Posts in the “java” category

Java 5 for loop syntax example

Java 5 FAQ: Can you share some examples of the Java 5 for loop syntax?

Sure. As a bit of background, in the days before Java 5 you could create a for loop to iterate over a collection of strings like this:

// assumes there is a method named "getList()"
List list = getList();

for (Iterator it = list.iterator(); it.hasNext();) {
  String value=(String);

Java 5 for loop syntax

That’s not too bad, but with the release of Java 5 your for loops can now be a little tighter, like this:

Java JFrame size: How to set the JFrame size

Java JFrame FAQ: How do I set the size of a JFrame?

Solution: There are several different ways to set the size of a Java JFrame, but I generally use the setPreferredSize method of the JFrame class in combination with the Java Dimension class, like this:

jframe.setPreferredSize(new Dimension(400, 300));

A JFrame size example

Here's the source code for a complete "JFrame size" example, showing how to use this setPreferredSize method call in an actual Java program.

Java: How to create and throw a custom exception


Java exceptions FAQ: How do I create a custom exception in Java?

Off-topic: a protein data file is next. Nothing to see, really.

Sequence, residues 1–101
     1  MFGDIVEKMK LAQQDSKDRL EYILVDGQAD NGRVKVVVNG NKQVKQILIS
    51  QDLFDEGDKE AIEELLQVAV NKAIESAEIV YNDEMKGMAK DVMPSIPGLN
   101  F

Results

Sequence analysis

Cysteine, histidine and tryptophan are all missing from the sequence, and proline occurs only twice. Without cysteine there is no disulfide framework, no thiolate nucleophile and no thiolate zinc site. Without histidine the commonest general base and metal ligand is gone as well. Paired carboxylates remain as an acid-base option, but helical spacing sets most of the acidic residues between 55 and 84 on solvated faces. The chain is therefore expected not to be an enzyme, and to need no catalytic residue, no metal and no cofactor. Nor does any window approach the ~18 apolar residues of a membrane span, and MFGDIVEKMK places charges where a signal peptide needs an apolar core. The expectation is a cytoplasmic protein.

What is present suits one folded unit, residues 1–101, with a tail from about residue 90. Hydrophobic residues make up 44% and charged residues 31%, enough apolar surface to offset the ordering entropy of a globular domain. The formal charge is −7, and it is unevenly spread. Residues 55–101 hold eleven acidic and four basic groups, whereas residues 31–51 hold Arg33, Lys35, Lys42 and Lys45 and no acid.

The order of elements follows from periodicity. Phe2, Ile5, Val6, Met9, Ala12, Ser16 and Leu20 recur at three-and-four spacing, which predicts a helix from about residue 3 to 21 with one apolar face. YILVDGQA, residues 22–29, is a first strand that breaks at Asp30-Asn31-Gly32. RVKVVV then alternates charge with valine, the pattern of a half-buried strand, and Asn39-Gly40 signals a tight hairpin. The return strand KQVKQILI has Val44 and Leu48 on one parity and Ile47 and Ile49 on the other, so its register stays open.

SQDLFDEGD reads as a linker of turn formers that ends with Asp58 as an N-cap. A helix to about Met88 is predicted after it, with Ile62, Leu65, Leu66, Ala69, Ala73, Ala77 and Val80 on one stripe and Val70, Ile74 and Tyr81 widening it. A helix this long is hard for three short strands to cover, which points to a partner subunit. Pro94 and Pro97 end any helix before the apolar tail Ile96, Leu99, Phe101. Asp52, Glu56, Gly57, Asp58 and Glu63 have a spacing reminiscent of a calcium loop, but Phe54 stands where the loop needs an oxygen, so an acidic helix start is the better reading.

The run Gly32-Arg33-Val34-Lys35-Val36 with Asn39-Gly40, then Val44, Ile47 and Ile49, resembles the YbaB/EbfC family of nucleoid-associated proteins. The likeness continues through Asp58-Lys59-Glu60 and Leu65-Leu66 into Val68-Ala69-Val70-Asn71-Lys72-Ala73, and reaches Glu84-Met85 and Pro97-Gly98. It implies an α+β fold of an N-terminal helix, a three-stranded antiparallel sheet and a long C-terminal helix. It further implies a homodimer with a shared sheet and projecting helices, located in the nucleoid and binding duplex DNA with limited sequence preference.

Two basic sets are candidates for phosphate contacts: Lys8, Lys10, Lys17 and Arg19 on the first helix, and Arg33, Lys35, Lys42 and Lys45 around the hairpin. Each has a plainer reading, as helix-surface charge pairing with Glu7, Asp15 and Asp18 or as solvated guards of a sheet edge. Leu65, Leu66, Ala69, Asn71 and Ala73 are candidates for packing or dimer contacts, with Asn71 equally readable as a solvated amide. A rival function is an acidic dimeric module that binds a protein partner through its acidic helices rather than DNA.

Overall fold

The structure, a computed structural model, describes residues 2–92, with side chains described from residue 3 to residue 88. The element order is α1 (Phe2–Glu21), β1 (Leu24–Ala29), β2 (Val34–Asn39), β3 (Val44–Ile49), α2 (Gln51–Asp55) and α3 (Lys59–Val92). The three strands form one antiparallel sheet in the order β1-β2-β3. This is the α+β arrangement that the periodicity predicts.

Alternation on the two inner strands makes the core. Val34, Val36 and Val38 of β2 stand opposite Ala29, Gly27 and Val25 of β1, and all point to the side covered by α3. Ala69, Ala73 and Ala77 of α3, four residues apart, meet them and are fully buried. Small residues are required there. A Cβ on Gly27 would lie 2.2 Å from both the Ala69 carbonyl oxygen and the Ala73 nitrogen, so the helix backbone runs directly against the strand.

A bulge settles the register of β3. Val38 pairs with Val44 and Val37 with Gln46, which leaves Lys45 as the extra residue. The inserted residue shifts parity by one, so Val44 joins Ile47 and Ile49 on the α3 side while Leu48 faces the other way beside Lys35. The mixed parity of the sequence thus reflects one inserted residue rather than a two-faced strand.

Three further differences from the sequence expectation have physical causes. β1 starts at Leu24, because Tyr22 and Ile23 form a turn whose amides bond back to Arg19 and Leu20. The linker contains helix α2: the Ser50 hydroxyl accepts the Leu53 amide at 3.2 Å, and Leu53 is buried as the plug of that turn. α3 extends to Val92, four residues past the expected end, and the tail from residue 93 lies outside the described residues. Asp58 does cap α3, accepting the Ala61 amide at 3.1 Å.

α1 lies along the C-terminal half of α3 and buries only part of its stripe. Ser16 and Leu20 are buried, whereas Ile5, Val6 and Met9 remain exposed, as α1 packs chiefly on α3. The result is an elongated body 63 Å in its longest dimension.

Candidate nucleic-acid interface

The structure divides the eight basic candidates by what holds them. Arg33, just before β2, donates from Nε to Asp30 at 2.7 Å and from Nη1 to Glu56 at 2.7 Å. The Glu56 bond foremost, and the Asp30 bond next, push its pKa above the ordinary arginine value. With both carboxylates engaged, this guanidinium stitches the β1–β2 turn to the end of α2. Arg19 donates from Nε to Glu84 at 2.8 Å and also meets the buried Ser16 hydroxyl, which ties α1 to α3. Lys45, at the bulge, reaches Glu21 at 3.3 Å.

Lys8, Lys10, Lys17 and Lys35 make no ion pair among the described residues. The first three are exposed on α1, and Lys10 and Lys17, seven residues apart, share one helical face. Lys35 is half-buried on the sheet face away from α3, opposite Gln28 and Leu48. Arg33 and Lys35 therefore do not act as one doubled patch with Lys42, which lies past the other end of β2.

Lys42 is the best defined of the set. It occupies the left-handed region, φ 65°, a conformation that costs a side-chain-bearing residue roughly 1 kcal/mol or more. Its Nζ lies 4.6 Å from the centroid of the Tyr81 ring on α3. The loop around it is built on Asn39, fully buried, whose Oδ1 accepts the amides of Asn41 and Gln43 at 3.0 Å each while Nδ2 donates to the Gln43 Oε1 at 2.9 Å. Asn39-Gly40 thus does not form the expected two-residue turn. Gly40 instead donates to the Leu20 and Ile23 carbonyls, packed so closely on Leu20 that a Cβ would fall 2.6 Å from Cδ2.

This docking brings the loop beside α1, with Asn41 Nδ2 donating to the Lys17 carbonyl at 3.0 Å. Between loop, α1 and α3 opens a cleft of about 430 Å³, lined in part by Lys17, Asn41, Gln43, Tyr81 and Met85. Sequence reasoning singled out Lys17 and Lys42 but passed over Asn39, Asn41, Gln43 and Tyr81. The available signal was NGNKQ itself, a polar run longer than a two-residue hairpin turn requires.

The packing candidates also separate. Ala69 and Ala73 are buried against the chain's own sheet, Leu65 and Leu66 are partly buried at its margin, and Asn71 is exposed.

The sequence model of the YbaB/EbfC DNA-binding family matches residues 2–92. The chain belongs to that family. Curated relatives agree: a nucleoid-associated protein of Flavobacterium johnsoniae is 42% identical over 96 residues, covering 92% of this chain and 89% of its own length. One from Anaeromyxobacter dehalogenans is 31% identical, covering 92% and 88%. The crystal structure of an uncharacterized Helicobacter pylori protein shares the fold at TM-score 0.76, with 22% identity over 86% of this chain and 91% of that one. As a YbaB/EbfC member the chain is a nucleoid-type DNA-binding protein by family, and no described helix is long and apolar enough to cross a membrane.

As a solution, here’s a quick example that shows how to create and throw a custom exception class in Java. In this tutorial I'll demonstrate how to:

  • Create a custom exception class in Java
  • Throw our custom Java exception
  • Catch our custom exception, and
  • Look at the output from our custom exception when we print a stack trace

A Java enum switch/case statement example

Java enum FAQ: Can you share a Java enum switch example, i.e., how to use an enum with a Java switch statement?

In my earlier Java enum examples tutorial, I demonstrated how to declare a simple Java enum, and then how to use a Java enum with a variety of Java constructs, including a Java switch statement, a for loop, and an if/then statement.

Java “file exists” testing

Java file FAQ: How can I test to see if a file or directory exists in Java (or Scala)?

Solution: Use the Java File.exists method. Here’s an example that shows the basic technique:

File tmpDir = new File("/var/tmp");   // create a File object
boolean exists = tmpDir.exists();     // call its 'exists' method

The exists method of the Java File class returns true if the file or directory exists, and false otherwise.

Tomcat connection pool - a Tomcat JNDI DBCP connection pool example

Here's a quick demonstration of how to create a Tomcat connection pool (database connection pool) using the Tomcat DBCP library.

I'm not going to go into a detailed explanation here of how Tomcat DBCP works, other than to say that it works for me, and I've tried to include everything here that you'll need to implement your own Tomcat DBCP database connection pool in your web applications.

Java temporary file: How to create and delete temporary files

Java File I/O FAQ: How do I create a Java temporary file? Also, after I create a temporary file, when is it deleted?

I just ran into this question on the Mac/Java mailing list, so I thought I'd write a quick "Java temporary file" test to explore this. Here are the results.

Java JMX tutorial: A “Hello world” JMX application

Java JMX FAQ: Can you share a simple Java JMX example?